AMSTERDAM (Reuters) - Syria has given up less than 5 percent of its chemical weapons arsenal and will miss next week’s deadline to send all toxic agents abroad for destruction, sources familiar with the matter said on Wednesday.
The deliveries, in two shipments this month to the northern Syrian port of Latakia, totalled 4.1 percent of the roughly 1,300 tonnes of toxic agents reported by Damascus to the Organisation for the Prohibition of Chemical Weapons (OPCW), said the sources, who spoke on condition of anonymity.
“It’s not enough and there is no sign of more,” one source briefed on the situation said.
The internationally backed operation, overseen by a joint OPCW-United Nations mission, is now 6-8 weeks behind schedule. Damascus needs to show it is still serious about relinquishing its chemical weapons, the sources told Reuters.
Failure to eliminate its chemical weapons could expose Syria to sanctions, although these would have to be supported in the U.N. Security Council by Russia and China, which have so far refused to back such measures against President Bashar al-Assad.
The deal under which Syria undertook to eliminate its chemical arsenal stopped the United States and its allies from launching bombing raids to punish Assad for a chemical attack last August and made clear the limits to international action against him.
U.N. Secretary-General Ban Ki-moon suggested in a report to the Security Council this week that shipments had been unnecessarily delayed and urged the Syrian government to speed up the process.
That is the message that will be given to Syria’s representative to the OPCW during its executive council meeting on Thursday in The Hague, where the Nobel Peace Prize-winning organisation is located, the sources said.
A senior Western diplomat, speaking on condition of anonymity, said that the U.N. Security Council will be briefed on the issue by mission head Sigrid Kaag next week.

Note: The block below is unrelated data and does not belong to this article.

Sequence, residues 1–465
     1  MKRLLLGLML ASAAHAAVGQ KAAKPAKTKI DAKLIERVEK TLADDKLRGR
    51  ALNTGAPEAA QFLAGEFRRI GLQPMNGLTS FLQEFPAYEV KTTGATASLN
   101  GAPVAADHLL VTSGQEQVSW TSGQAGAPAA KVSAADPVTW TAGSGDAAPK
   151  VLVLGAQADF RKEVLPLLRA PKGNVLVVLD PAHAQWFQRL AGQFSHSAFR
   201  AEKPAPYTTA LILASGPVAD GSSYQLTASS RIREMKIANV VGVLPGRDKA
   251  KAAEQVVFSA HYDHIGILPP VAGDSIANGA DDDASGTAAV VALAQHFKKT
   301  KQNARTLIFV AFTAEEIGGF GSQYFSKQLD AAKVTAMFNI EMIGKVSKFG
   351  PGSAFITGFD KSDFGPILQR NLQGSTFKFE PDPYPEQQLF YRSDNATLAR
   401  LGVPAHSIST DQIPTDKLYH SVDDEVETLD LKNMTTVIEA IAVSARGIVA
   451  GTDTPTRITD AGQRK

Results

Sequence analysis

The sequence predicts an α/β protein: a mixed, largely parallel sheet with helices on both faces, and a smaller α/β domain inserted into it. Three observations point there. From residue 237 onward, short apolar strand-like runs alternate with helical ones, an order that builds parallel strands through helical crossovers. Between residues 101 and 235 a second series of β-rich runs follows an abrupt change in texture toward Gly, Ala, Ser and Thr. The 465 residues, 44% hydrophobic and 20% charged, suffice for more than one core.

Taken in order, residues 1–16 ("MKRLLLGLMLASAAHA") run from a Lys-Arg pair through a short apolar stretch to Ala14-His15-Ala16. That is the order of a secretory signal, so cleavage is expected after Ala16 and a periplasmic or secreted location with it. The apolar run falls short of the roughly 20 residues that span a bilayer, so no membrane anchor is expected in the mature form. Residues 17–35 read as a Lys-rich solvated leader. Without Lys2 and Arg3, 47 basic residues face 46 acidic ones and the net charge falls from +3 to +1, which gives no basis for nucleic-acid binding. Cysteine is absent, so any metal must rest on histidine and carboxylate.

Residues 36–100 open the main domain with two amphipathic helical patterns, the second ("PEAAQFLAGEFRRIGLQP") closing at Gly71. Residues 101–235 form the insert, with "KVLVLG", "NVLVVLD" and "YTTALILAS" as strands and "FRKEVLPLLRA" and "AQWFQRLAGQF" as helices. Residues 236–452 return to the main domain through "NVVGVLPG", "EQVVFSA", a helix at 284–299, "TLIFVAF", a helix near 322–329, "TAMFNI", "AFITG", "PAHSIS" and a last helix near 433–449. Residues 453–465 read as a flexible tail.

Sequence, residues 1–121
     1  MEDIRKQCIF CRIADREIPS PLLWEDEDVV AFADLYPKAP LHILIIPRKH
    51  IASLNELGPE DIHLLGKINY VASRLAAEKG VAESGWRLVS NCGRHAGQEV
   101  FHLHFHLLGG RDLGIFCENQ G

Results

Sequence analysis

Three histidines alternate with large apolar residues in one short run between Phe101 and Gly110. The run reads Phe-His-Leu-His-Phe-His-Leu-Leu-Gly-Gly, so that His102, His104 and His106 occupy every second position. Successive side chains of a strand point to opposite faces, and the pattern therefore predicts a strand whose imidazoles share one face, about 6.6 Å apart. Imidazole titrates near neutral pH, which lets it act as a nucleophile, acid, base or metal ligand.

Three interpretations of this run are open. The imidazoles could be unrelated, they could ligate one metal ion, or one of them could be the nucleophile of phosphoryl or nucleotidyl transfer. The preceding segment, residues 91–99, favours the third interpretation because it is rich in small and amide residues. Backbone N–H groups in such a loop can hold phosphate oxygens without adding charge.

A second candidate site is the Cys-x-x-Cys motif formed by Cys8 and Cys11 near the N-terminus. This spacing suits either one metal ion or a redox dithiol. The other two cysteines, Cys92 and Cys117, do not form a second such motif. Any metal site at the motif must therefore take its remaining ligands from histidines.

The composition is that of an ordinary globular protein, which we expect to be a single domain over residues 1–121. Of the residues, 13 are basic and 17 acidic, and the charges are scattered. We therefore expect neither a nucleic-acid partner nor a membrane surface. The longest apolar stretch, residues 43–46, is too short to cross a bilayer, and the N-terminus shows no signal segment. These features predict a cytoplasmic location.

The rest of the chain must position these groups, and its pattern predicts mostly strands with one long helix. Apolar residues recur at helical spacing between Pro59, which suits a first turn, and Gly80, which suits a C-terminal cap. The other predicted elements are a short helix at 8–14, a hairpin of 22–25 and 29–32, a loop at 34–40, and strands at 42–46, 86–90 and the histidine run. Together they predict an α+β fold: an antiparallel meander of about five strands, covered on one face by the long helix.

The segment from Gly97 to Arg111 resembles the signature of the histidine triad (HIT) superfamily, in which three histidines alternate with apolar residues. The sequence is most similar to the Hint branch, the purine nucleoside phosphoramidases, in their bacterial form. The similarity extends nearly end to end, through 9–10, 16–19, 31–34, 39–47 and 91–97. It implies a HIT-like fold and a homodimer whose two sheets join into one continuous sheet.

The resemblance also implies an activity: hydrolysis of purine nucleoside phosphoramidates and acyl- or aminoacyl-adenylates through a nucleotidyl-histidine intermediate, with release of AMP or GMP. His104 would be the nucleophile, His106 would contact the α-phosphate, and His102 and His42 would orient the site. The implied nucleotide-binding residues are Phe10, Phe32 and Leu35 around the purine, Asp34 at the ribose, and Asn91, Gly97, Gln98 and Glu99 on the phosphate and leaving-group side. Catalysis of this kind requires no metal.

“All the indications are, and the secretary-general’s report makes clear, that actually the regime has been sort of stalling on the implementation of the agreement,” the diplomat said.
“It will be important what Sigrid Kaag says about whether she thinks these delays are deliberately politically motivated and why or whether there’s any truth in the weather, the security and those more technical aspects,” he said.
Another senior Western diplomat said the Syrian government is “teasing us” by dragging its heels but doing enough to avoid being declared in non-compliance with its obligation to destroy its chemical weapons program.
The second diplomat added that Russia would never permit the U.N. Security Council to declare Assad’s government in non-compliance with its duty to eliminate its poison gas program.
“The Russians will never accept it,” the second diplomat said, adding that Western powers were also reluctant to do anything that could be seen as undermining the Geneva peace talks between Assad’s government and the opposition.
“Our impression is that they (Assad’s government) are managing this issue in parallel with the Geneva discussion,” he said. “Everything is blocked so they are blocking on the chemical weapons to remind us” of their power on this issue.
Syria, where civil war has killed well over 100,000 people and forced millions to flee, has blamed delays on security obstacles. It said the mission could not be safely carried out unless it received armoured vehicles and communications equipment.
A source briefed on the situation said: “Yes, it’s true there is a war, but have you ever heard of a civil war without security issues? They have all the necessary means they need for transportation. Now they need to start shipping the chemicals out.”
Under a deal agreed by Russia and the United States after the August 21 sarin gas attack, Syria vowed to give up its entire stockpile by mid-2014. The rocket attacks in the outskirts of Damascus killed hundreds, including women and children.
Eradicating Syria’s chemical weapons stockpile, including sarin, mustard gas and VX, requires massive foreign funding and logistical support.
The bulk of the most toxic substances are to be destroyed on the Cape Ray, a U.S. cargo ship now en route to the Mediterranean that will be loaded with the chemicals at an Italian port. The remainder will go to several commercial waste processing facilities, including in Britain and Germany.
Additional reporting by Michelle Nichols in New York; Editing by Giles Elgood and Eric Walsh